Prisoner Tom Humphries: a day in the life on Midlands Prison’s G wing

Former ‘Irish Times’ journalist put in cell near Graham Dwyer on G wing

Tom Humphries: already regarded as a compliant prisoner who poses no security risk. Photograph: Collins Courts Tom Humphries: already regarded as a compliant prisoner who poses no security risk. Photograph: Collins Courts

Tom Humphries: already regarded as a compliant prisoner who poses no security risk. Photograph: Collins Courts Tom Humphries: already regarded as a compliant prisoner who poses no security risk. Photograph: Collins Courts

 

The former Irish Times sportswriter Tom Humphries has spent his first full day in jail as a sentenced convict. He is prisoner 108586 and is sharing a cell at Midlands Prison with an extortionist. They are on a landing of G wing that houses between 16 and 20 other prisoners.

Many of the inmates at Ireland’s largest jail are sex offenders, like Humphries. Although he was not sentenced until Tuesday, when he received a 2½-year jail term, Humphries was taken into custody three weeks ago, at his request, after pleading guilty to grooming and sexually abusing a teenage girl. Since then Humphries has been getting used to the rhythm of life behind bars.

Midlands Prison, a modern, medium-security facility in Portlaoise, can hold 870 men. G wing is mostly for sex offenders, as is F wing. One of Humphries’s highest-profile fellow prisoners is Graham Dwyer, who is serving life for the murder of Elaine O’Hara.

The sex offenders’ wings are generally free of prison gangs, with relatively little contraband, such as mobile phones and drugs. This generally creates a calmer, more ordered environment, where prison time is the easiest anywhere in the system apart from at open facilities. Each cell has a television, kettle, toilet and shower, and prisoners wear their own clothes.

Breakfast at 8.15am

The day starts at about 8.15am, when cells are unlocked to allow inmates to collect breakfast. They are locked back in until 9.15am, after which they attend workshops or classes, see visitors or exercise. Prisoners return at noon, for lunch, which they are locked into their cells to eat. At 2.15pm they are allowed out for more structured activities: school, workshops and visits. Tea is served at 4pm, when prisoners are locked into their cells until 5.20pm. They are let out for two hours of recreation before their cells are shut again at 7.30pm. In total they can spend eight hours a day out of their cells.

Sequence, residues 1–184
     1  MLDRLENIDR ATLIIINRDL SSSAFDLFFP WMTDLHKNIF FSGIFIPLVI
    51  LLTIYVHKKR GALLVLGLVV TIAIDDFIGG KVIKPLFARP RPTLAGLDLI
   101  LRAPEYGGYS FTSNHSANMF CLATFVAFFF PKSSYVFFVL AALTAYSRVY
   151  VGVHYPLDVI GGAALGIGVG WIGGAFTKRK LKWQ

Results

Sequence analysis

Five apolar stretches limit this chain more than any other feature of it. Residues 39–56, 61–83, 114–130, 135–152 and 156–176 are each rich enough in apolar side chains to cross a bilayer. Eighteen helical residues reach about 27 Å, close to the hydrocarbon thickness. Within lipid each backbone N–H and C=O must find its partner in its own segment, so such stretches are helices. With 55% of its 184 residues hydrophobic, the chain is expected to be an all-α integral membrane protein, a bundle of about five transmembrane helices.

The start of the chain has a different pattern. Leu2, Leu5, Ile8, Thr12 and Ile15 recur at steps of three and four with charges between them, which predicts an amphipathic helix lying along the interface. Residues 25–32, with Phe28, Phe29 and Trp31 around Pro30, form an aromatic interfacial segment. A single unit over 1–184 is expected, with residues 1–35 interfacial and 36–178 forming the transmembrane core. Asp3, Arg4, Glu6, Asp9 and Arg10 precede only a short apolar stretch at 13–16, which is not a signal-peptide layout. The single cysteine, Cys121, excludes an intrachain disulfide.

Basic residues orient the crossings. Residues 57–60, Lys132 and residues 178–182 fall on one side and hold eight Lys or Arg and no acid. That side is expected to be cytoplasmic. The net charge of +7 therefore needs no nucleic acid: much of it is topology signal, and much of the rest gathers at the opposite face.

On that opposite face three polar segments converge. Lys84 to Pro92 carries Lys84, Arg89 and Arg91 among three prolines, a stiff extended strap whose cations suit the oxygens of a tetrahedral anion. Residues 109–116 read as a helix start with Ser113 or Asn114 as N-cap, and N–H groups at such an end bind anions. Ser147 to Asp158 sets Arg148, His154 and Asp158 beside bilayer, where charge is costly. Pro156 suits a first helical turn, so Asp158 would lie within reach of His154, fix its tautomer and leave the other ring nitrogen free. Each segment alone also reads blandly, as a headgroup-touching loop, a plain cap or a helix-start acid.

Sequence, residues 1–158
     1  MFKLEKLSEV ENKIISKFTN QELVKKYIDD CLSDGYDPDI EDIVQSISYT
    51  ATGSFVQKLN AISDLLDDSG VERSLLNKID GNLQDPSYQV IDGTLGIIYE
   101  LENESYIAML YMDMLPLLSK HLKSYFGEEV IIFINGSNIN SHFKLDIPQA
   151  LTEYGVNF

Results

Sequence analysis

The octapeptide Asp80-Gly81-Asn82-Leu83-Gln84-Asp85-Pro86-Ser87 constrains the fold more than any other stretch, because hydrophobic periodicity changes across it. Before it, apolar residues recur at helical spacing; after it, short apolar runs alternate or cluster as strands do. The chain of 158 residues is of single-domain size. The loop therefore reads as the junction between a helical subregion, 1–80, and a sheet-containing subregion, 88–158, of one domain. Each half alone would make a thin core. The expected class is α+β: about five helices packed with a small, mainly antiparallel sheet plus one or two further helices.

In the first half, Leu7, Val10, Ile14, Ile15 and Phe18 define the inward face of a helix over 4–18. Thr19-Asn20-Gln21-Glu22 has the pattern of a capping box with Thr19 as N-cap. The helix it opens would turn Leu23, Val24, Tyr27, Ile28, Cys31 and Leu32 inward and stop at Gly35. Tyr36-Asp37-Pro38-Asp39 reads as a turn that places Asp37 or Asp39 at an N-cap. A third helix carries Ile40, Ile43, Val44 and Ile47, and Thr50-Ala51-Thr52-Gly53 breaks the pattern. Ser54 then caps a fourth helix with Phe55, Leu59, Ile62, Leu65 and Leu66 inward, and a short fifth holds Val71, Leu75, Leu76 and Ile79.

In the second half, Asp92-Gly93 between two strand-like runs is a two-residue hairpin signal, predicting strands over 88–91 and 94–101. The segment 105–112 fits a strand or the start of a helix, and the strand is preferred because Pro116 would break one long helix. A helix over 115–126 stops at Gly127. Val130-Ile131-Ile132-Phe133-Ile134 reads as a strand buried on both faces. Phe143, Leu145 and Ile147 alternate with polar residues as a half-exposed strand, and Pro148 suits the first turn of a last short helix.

Inmates at Midlands Prison have access to health, chaplaincy and psychological services, and classes can be in English, maths, humanities, computing, material technology, home economics, physical education, foreign languages, horticulture and ceramics. Given his past as a journalist, Humphries could possibly help other prisoners with their literacy skills.

Trustee prisoners

Inmates such as Humphries – well-educated men whose crimes did not involve street crime or drug addiction – usually become trustee prisoners, the most reliable, predictable and least volatile of the jail population. This can help them to secure coveted kitchen jobs and be trusted with activities without close supervision.

Humphries is already regarded as a compliant prisoner who poses no security risk. This brings with it longer visits and telephone calls and increased daily payments for the tuck shop. He will probably also be put on the prison’s enhanced regime once he proves his stability and reliability.

His much-criticised 30-month jail term will in reality be shorter. Like all prisoners, Humphries will be entitled to 25 per cent remission, cutting the maximum time he will spend behind bars to 22½ months. This is sometimes referred to as time off for good behaviour, but remission is the right of all prisoners, and judges factor it into their sentences.

If Humphries agrees to join the Irish Prison Service’s sex-offender programme and becomes a model prisoner he could very likely secure enhanced remission. This would reduce his sentence by a third, making him due for release around the end of May 2019.

Sex-offender programme

The three-part programme, known as Building Better Lives, begins by encouraging offenders to believe that they can change for the better. The second phase, which involves about 60 therapy sessions, aims to develop an understanding of their offences and work out how to avoid committing such crimes in the future. The final phase involves a maintenance programme. If Humphries were to take part he would transfer to Arbour Hill later in his sentence, to complete some of the final sections of his treatment.

Those who deny their sexual offences or do not join the programme are risk-assessed and monitored.

Careful planning goes into how to return sex offenders to the community, as the stigma often means they cannot return to their previous homes.

Because he was jailed for more than two years Humphries will be indefinitely subject to the Sex Offenders Act. This is commonly offered to as being put on the sex offenders register. Although Ireland has no such register, sex offenders must contact the local Garda station when they move to an area and notify the Garda of any change in their living circumstances or plans to travel abroad.